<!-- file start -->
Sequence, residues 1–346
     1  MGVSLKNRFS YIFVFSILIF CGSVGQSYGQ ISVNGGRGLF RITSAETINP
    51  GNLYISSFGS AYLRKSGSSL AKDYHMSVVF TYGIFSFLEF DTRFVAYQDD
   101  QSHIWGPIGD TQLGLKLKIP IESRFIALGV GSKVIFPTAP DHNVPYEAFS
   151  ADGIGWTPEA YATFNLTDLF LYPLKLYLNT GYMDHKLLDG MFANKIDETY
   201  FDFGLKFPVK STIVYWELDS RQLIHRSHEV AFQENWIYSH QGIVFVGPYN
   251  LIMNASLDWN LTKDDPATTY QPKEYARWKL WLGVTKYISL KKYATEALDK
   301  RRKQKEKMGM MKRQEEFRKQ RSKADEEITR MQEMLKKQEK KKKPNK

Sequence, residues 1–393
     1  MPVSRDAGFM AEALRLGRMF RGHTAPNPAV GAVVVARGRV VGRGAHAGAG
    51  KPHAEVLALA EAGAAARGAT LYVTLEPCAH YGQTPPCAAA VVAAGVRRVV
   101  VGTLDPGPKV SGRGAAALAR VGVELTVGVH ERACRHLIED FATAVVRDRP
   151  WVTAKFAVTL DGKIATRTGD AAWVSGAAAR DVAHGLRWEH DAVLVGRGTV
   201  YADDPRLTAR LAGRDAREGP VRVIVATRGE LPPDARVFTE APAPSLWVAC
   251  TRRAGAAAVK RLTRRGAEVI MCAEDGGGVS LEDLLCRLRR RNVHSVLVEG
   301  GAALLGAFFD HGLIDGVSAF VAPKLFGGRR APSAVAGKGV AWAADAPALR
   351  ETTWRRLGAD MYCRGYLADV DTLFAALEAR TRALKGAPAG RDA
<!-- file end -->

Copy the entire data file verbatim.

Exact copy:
Sequence, residues 1–346
     1  MGVSLKNRFS YIFVFSILIF CGSVGQSYGQ ISVNGGRGLF RITSAETINP
    51  GNLYISSFGS AYLRKSGSSL AKDYHMSVVF TYGIFSFLEF DTRFVAYQDD
   101  QSHIWGPIGD TQLGLKLKIP IESRFIALGV GSKVIFPTAP DHNVPYEAFS
   151  ADGIGWTPEA YATFNLTDLF LYPLKLYLNT GYMDHKLLDG MFANKIDETY
   201  FDFGLKFPVK STIVYWELDS RQLIHRSHEV AFQENWIYSH QGIVFVGPYN
   251  LIMNASLDWN LTKDDPATTY QPKEYARWKL WLGVTKYISL KKYATEALDK
   301  RRKQKEKMGM MKRQEEFRKQ RSKADEEITR MQEMLKKQEK KKKPNK

Sequence, residues 1–393
     1  MPVSRDAGFM AEALRLGRMF RGHTAPNPAV GAVVVARGRV VGRGAHAGAG
    51  KPHAEVLALA EAGAAARGAT LYVTLEPCAH YGQTPPCAAA VVAAGVRRVV
   101  VGTLDPGPKV SGRGAAALAR VGVELTVGVH ERACRHLIED FATAVVRDRP
   151  WVTAKFAVTL DGKIATRTGD AAWVSGAAAR DVAHGLRWEH DAVLVGRGTV
   201  YADDPRLTAR LAGRDAREGP VRVIVATRGE LPPDARVFTE APAPSLWVAC
   251  TRRAGAAAVK RLTRRGAEVI MCAEDGGGVS LEDLLCRLRR RNVHSVLVEG
   301  GAALLGAFFD HGLIDGVSAF VAPKLFGGRR APSAVAGKGV AWAADAPALR
   351  ETTWRRLGAD MYCRGYLADV DTLFAALEAR TRALKGAPAG RDA